1st up, "Time Travel", by James Gleick. 336 pages. I read this in hardback. It's a pleasant and fairly quick read, exploring the nature of time and the history of the concept of time travel, which Gleick posits was unknown before H. G. Wells' "The Time Machine". In the end tho, there are no real conclusions, beyond the fact that we have all become experts on time travel, time loops, etc., thanks to movies like "Groundhog Day", "Terminator", "Looper", etc.
Next, Dan Simmons latest, "The Fifth Heart". 617 pages. I happened to notice this in Joseph-Beth when I was buying Christmas presents. I bought it in trade paperback. I found this cover blurb really interesting:
Holmes explains that his powers of deduction have led him to a shocking conclusion that he - Sherlock Holmes - is a fictional character.Oh boy, metafiction! But Simmons doesn't really do much with the idea. It appeared that, aside from some carryover characters from the Holmes canon, including Professor Moriarty, Irene Adler, and Colonel Moran, most of the characters are real historical figures, primary among them the novelist Henry James who somewhat fills in for Dr. Watson. Others include Mark Twain, Rudyard Kipling, Teddy Roosevelt, Clarence King, Henry & Clover Adams, John & Clara Hays. James and I think Twain both wonder if, given that Holmes is a fictional character, that makes them fictional characters too?!?!? Kind of cute, but it really doesn't go much of anywhere. Meanwhile, the main plot moves along well, but isn't really that compelling - plus I kept waiting for the metafiction aspect to jump in. Still, an enjoyable read.
I really don't trust Simmons anymore since his right-wing-dog-whistle-filled "Flashback", which I reviewed here. Does he relate Teddy Roosevelt's white supremacist views with relish? Why relate them at all? Was he as enamored of the British class system as it seemed to me? Manservants, FTW? It has diminished my enjoyment of his excellent writing to have be all the time wondering if I am smelling right-wing, feudal bullshit.
Next, "The Moth", edited by Catherine Burns, 410 pages. The Moth is an organization that has been promoting storytelling for 15 years via live shows, NPR broadcasts, and podcasts. (My oldest daughter Erica says this is one of her favorite podcasts.) This book is 50 stories representing some of the best of the 1000s they have produced. There is an interesting foreword by the founder, George Dawes Green, telling how he was trying to recapture his memories of listening to true stories on the front porch when he was growing up in Georgia. The description of how they figured out how to make it all work is also interesting.
I read ~1/2 of the book. Some of the stories are more moving and poignant than others; all are interesting. But I was getting the feeling that the stories would be more enjoyable if read in small doses. We used to call that a "bathroom book", like a book of Joe Bob Briggs movie reviews. Read 1 while sitting on the pot. They are mostly 5-10 pages, perfect! So I set this book aside, to read intermittently.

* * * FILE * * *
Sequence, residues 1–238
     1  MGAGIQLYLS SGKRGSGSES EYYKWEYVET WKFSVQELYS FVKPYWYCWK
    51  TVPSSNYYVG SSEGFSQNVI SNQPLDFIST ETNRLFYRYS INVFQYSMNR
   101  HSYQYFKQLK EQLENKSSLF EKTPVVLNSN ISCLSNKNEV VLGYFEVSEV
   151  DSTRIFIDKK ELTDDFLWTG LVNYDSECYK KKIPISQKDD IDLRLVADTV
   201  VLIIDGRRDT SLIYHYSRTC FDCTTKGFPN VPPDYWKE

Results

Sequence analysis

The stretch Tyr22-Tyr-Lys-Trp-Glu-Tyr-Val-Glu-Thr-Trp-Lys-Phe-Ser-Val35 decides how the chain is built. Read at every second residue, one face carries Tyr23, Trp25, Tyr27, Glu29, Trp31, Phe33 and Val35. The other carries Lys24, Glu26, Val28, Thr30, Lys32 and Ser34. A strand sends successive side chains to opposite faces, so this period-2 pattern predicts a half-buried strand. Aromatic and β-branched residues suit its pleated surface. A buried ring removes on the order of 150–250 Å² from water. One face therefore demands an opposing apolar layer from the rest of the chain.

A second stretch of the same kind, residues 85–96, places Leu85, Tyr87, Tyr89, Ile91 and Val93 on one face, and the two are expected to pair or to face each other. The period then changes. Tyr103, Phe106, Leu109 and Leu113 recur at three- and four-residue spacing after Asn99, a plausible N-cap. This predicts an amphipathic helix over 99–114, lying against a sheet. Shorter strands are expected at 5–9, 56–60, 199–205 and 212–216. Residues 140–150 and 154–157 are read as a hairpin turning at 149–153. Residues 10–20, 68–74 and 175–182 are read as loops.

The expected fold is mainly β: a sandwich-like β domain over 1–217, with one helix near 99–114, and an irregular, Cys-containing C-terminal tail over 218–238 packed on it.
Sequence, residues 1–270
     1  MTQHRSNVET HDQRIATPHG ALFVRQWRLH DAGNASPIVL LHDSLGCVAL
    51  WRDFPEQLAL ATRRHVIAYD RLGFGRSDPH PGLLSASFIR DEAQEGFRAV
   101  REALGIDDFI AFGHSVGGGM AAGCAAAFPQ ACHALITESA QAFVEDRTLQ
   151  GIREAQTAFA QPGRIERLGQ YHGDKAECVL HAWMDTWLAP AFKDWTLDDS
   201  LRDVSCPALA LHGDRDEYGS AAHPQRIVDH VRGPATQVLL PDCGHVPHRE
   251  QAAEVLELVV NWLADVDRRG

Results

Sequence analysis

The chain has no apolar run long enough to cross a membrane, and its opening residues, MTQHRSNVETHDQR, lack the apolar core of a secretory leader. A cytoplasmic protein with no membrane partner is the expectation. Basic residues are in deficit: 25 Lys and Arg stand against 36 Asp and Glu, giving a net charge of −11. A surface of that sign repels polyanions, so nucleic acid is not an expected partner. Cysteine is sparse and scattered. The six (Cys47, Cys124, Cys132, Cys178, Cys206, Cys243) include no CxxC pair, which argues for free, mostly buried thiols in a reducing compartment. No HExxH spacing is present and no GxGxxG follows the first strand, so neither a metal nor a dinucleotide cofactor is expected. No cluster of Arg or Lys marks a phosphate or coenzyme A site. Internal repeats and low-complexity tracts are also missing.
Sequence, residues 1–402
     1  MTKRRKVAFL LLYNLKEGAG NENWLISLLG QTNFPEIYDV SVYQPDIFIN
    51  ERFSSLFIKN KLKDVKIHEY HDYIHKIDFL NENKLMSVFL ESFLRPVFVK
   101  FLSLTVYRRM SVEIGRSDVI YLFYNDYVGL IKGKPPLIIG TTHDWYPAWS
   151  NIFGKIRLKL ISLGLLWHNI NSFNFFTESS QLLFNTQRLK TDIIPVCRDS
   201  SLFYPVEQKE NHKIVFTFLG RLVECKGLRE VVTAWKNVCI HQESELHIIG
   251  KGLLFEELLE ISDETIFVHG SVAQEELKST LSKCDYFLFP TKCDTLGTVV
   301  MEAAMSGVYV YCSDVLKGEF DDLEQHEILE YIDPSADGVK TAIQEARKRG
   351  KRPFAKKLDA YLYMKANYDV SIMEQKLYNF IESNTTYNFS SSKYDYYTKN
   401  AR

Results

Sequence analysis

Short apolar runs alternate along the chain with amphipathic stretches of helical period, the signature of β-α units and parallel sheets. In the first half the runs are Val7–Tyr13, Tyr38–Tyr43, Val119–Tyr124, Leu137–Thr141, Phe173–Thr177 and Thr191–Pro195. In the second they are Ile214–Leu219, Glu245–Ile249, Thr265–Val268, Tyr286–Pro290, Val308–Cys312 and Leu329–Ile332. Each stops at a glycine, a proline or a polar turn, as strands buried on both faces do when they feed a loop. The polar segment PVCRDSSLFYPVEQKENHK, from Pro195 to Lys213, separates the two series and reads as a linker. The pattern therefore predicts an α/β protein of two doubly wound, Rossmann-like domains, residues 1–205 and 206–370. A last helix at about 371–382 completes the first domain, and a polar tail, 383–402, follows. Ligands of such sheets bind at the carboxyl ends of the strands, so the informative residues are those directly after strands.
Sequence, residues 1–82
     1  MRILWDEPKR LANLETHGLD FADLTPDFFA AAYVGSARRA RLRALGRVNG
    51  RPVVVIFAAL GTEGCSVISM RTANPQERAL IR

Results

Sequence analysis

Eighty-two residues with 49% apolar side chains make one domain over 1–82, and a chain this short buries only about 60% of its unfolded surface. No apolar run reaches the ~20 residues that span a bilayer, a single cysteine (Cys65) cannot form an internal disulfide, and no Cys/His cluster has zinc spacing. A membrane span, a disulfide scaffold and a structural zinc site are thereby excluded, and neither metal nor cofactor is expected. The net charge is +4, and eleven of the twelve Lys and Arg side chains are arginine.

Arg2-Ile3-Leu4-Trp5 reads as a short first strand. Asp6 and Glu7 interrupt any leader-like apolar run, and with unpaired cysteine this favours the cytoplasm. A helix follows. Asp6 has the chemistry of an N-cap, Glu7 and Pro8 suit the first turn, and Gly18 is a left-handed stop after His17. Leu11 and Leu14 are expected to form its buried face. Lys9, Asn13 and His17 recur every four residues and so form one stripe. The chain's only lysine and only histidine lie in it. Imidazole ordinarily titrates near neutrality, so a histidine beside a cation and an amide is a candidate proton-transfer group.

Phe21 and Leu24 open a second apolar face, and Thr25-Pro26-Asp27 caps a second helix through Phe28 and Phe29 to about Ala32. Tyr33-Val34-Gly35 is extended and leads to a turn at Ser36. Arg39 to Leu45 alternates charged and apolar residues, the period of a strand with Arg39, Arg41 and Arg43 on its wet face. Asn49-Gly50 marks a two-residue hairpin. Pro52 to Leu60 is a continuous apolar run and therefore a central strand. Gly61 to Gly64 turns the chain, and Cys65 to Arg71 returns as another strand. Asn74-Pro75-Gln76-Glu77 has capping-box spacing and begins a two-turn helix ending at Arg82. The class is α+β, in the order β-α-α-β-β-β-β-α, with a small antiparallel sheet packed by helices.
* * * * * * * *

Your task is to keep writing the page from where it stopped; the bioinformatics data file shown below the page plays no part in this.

The story is set in the 1920s and is primarily about an expedition to Mt. Everest. It somewhat follows the formula of Simmons' "The Terror" - historical foo with some weird supernatural stuff thrown in - but with some significant differences. From a few Wikipedia searches, the main characters appear to be mostly fictional. There are some real historical figures thrown in as well. The book moves along well and has an exciting if perhaps cliched conclusion.
Re the right-wing, feudal bullshit watch, several of the characters are British nobles, and we get descriptions of the fantastic manor homes. But I won't judge Simmons too harshly for that. British-nobility-love seems engrained in American culture overall - for example, "Downton Abbey", and the desire to play serious dress-up. I will continue in my quest to wear casual clothes wherever and whenever I can.
I had thoughts re, these beautiful homes filled with art, lots of which are probably tourist attractions now, could they have ever been created without feudalism, without the 1% to act as resource concentrators? (Religion seems to have been the other major resource concentrator, as in medieval cathedrals.) My initial answer was, no, probably not. But then I thought, what if capital had been distributed equitably throughout history? If artists had a basic income equivalent, they could have created what they wanted, rather than what their wealthy patrons wanted. How much more great art would that have resulted in? But, up until 50 years ago or so, there probably was little enough capital overall that a more equitable distribution would have still left everybody pretty poor.
Despite the current political victories for the old lizards and their thinking, I am still hoping that capitalism has indeed done its job as Keynes thought it would, that there has been enough capital created that we can move to a world of sufficient abundance for all, despite the old lizards.